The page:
Third Sunday after Trinity
Readings: Ezekiel 17. 22-24; Psalm 92. 1-4, 12-15; 2 Corinthians 5. 6-10, 14-17; Mark 4. 26-34 (view all)
Some of you may well know that earlier in the year I turned thirty. Lots of people, including my younger brother and sister, were jokingly asking me whether I feel old now. But to be honest, it didn’t feel like that big a step at all.
However, a few years ago when I was just on the cusp of turning twenty-five, I did have a period where I felt quite anxious about growing old. I had a sort-of ‘quarter-life crisis’ if you like. And when I reflected on where this anxiety had come from, I realised that a lot of it came from my motivation for ministry.
I’d been involved in church ministry ever since I left home, and been really active in the church all through my teenage years, and had gotten really used to people saying about me: ‘He’s so young to be doing everything he’s doing.’ So when I hit my mid-twenties I suddenly realised that a time would come when people wouldn’t be able to say that any more. I had enjoyed being considered ‘special’ because of my youth, and now if I’m honest was worried about just being seen as ‘ordinary’.
But of course, my motivation was all wrong. I’d begun to be motivated by my own desire for affirmation from others, rather than by a desire to service God and others.
In this morning’s epistle, Paul talks about motivation. He tells us, ‘the love of Christ urges us on’. What does this mean? How can we live motivated by Jesus’ love, and how might that impact the way we view others?
Paul is clear to the Corinthian Christians that only Jesus’ gospel of love can drive us on in faith no matter what:
For the love of Christ urges us on, because we are convinced that one has died for all; therefore all have died.
The only motivation that can keep us going against all the odds, and through any and all obstacles, is God’s love placed in us by the Spirit of Christ. Any other motivation simply isn’t enough, whether it’s personal ambition, or even the seemingly well-placed motivation of wanting our church to thrive and do well. Even our own love for others isn’t enough – it will run out eventually when we reach the end of our patience.
It is only in dying to ourselves, our own ambitions, our own desires — however well placed they may be — that we can live no longer for ourselves alone, but in the power of Christ’s resurrection, enabled by the Holy Spirit — the Spirit of Resurrection. And it is this power alone, as Jesus makes clear in our gospel reading, which has the ability to bring real growth in his kingdom, and to bear fruit that will last.
Both of the two parables in our gospel passage make this clear. In the first, the scattered seed sprouts and grows on its own, even though the sower can’t understand how. And in the second, the mustard seed, the smallest of all seeds, grows through the power of faith into the greatest of trees just like Ezekiel’s sprig which grows into a mighty cedar in our Old Testament reading.
Both parables are very clear: we can sow the seed, we can till the soil, we can apply all the best knowledge and learning we can — but God alone brings the growth.
And when we understand that God is in control, and we’re motivated by his love for his world, we start to see those around us differently. We see the people around us, not from a human point of view, but from God’s point of view as potential first fruits of his new creation, which is both to come, and is breaking into the present.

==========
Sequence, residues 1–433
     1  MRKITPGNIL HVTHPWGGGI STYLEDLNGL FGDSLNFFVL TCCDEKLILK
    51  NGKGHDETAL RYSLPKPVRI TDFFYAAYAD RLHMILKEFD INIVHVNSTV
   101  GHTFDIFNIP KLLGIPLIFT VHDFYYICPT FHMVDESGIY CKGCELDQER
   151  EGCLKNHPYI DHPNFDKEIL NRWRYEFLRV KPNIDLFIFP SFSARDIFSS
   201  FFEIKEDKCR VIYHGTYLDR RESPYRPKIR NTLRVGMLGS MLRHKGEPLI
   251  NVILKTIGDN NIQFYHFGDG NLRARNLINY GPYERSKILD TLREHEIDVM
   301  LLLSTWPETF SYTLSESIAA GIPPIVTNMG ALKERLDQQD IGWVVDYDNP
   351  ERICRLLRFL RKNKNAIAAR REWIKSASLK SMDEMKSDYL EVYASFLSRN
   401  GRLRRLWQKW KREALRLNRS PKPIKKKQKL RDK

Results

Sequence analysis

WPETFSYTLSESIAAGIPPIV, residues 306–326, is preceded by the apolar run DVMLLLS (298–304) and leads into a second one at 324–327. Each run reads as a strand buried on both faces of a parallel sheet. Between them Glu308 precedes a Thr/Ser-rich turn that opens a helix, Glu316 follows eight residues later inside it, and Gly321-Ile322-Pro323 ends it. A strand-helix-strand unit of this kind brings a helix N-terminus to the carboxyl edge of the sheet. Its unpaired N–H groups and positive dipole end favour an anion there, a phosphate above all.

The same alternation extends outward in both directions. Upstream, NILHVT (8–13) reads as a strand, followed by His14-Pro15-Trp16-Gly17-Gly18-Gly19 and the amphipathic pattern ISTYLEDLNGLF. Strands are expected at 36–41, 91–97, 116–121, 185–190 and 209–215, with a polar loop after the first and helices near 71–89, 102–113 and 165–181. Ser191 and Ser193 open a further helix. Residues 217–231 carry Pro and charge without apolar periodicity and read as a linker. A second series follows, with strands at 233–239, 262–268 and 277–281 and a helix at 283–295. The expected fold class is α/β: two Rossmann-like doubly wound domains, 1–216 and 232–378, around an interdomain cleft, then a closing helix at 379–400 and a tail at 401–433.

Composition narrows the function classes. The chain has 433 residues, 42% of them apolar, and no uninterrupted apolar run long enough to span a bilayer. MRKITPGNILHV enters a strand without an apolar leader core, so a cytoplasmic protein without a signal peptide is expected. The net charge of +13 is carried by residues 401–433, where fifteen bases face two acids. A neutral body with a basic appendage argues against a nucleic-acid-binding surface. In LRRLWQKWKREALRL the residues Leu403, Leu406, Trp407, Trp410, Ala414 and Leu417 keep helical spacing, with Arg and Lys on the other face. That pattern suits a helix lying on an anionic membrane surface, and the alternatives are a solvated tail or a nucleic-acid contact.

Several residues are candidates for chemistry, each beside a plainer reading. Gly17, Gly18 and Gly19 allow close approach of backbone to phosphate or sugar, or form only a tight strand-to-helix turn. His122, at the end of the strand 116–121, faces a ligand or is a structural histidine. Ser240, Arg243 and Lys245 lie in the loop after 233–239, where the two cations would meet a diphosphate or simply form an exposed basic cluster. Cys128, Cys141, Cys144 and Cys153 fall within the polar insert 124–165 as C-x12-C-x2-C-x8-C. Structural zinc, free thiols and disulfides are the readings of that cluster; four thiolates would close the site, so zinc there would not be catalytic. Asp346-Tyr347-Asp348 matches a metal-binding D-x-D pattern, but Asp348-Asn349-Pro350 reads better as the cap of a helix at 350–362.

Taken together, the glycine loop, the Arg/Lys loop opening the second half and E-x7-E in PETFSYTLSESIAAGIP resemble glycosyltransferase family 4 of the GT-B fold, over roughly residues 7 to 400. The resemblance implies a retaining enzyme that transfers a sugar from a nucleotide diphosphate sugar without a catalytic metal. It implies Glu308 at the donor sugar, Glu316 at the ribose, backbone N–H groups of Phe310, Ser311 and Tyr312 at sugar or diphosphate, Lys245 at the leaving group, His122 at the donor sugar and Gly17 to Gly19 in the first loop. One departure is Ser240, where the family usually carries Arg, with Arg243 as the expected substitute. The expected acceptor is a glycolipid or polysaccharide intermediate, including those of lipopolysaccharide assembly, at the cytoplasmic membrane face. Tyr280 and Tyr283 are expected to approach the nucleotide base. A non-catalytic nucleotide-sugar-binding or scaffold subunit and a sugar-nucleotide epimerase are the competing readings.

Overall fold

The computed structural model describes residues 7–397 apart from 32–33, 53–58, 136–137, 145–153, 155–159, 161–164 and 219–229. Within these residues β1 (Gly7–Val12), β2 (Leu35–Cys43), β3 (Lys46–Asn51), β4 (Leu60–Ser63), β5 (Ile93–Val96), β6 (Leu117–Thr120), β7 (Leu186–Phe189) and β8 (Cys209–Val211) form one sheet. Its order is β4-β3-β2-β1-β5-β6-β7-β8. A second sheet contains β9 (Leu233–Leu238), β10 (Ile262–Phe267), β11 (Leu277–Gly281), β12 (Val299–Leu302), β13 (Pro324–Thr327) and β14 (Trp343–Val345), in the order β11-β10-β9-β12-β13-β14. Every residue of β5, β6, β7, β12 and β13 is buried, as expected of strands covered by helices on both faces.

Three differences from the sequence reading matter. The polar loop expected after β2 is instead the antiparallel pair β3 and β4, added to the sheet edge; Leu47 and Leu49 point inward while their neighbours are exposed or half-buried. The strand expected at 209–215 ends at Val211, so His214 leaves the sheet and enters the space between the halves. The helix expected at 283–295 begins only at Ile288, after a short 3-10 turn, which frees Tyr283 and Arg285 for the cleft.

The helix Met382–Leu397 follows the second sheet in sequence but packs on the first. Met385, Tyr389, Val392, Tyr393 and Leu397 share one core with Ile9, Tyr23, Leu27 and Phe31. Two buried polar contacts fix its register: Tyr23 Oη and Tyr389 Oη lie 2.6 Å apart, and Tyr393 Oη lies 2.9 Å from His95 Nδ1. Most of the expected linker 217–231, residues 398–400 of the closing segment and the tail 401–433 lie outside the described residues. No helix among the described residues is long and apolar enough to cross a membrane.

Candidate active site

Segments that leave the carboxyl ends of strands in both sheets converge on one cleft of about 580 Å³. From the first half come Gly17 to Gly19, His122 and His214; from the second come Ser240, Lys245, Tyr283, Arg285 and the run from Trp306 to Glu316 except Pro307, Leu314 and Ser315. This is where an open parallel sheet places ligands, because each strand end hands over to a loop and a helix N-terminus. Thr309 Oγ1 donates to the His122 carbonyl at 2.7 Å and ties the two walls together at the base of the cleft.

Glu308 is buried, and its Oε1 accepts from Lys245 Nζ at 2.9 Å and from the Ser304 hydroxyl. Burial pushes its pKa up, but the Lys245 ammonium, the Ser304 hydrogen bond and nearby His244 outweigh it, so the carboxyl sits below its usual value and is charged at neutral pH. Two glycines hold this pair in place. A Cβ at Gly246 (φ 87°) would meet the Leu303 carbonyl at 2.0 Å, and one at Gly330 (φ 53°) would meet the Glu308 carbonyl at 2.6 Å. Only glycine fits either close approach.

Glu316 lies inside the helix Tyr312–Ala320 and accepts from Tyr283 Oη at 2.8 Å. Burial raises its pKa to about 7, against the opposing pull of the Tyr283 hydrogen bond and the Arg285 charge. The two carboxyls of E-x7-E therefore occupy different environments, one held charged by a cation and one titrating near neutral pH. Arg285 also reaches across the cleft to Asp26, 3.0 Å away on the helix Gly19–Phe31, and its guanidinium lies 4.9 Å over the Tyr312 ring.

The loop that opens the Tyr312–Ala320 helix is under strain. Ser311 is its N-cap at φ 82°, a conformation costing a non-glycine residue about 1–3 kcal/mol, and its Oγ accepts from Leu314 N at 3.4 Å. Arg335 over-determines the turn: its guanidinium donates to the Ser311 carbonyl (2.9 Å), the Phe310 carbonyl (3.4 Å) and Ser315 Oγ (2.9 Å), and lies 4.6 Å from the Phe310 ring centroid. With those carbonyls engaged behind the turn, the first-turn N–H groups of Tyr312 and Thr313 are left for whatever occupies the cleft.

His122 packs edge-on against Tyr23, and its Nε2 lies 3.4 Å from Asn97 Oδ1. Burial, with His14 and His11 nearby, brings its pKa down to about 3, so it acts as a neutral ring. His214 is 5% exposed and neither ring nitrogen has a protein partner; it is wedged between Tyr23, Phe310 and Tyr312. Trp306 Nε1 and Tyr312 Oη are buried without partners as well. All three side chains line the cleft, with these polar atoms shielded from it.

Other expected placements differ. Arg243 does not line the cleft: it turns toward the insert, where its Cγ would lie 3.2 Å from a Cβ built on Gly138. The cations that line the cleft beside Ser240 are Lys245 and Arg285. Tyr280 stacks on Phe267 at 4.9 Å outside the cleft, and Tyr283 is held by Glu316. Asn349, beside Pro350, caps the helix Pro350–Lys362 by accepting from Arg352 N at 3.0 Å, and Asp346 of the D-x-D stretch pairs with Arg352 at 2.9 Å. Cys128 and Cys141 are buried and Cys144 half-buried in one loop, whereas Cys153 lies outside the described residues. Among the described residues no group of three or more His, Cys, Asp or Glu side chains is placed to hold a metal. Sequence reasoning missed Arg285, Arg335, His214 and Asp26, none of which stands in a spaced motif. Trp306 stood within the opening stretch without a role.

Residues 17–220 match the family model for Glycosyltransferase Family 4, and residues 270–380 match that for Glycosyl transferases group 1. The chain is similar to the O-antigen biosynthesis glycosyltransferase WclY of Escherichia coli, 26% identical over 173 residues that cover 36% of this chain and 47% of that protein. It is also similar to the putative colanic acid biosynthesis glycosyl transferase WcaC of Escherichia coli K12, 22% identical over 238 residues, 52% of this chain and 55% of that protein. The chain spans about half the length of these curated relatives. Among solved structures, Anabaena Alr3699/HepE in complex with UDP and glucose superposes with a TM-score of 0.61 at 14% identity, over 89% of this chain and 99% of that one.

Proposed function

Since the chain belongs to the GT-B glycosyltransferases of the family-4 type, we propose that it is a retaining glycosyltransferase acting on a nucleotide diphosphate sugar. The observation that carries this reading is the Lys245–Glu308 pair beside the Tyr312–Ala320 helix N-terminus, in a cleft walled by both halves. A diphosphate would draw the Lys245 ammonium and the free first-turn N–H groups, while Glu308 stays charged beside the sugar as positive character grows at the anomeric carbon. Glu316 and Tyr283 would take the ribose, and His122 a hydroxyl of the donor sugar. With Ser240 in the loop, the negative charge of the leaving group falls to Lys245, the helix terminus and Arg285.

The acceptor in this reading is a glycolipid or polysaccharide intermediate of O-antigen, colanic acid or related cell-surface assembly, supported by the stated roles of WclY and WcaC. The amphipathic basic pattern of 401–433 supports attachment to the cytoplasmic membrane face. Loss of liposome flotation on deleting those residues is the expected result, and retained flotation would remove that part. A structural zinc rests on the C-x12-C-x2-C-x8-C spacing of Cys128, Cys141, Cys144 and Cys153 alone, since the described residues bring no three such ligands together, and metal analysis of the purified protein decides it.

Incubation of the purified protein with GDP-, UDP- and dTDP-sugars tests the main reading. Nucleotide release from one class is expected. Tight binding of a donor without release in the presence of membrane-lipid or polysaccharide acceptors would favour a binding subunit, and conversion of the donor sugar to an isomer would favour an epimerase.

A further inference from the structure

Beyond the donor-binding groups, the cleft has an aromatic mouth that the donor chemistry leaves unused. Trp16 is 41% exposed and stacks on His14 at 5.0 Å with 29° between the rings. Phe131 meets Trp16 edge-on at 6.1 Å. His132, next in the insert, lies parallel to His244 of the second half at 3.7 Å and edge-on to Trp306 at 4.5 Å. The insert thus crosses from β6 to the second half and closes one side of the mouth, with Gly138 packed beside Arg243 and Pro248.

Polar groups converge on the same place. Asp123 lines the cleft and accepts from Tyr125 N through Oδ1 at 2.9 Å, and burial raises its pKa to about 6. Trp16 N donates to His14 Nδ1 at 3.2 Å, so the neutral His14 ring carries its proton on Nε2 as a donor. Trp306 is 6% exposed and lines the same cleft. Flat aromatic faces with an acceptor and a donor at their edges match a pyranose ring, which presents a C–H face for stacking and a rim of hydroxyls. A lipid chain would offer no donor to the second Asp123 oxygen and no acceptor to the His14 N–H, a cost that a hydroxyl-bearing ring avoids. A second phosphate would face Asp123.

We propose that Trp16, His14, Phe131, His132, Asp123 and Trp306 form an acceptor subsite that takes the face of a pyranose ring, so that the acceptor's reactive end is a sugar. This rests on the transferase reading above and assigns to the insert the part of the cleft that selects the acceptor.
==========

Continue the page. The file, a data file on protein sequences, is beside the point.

When we do this, rather than seeing others only as valuable for the function they can play in our story, for the contribution they can make to help us, instead we see both them and us as playing a smaller part in a much bigger story. The story of God.
So I wonder: Will we re-commit ourselves once again to make Christ’s love our central motivation in life? Will we choose to see those around us through God’s love, building a deep desire to love and serve them, enabling them to grow?
How can we as a Church avoid trying to engineer growth ourselves, instead prayerfully and sacrificially asking the Spirit of God to bring growth for his glory alone?
An American author, Dave Burchett, has written a book with an intriguing title: When Bad Christians happen to Good People, in which he is very honest about how difficult the Christian life is. In it, he writes this about the way we view others:
I am praying that God will help me see every person as having value in God’s eyes. When someone cuts me off in traffic, I need to remember that Christ died for that person. When people irritate me or are rude, I try to think that they were created in the image of God and they just need a little image makeover at this moment. When I engage in people-watching, I try to breathe prayer for them instead of critiquing their clothing. I do not always pull this off, but meditating on grace has begun to change how I view people.
Dave Burchett, When Bad Christians happen to Good People, p. 182
God is establishing his kingdom in our world, through the resurrection of Christ, bringing the first fruits of the new creation. May we, driven by his great love for the world, devote ourselves to love and serve our neighbours for the good of his kingdom.
you have broken the tyranny of sin
and have sent the Spirit of your Son into our hearts
whereby we call you Father:
give us grace to dedicate our freedom to your service,
that we and all creation may be brought
to the glorious liberty of the children of God;
through Jesus Christ your Son our Lord,
who is alive and reigns with you
and the Holy Spirit,
one God, now and for ever.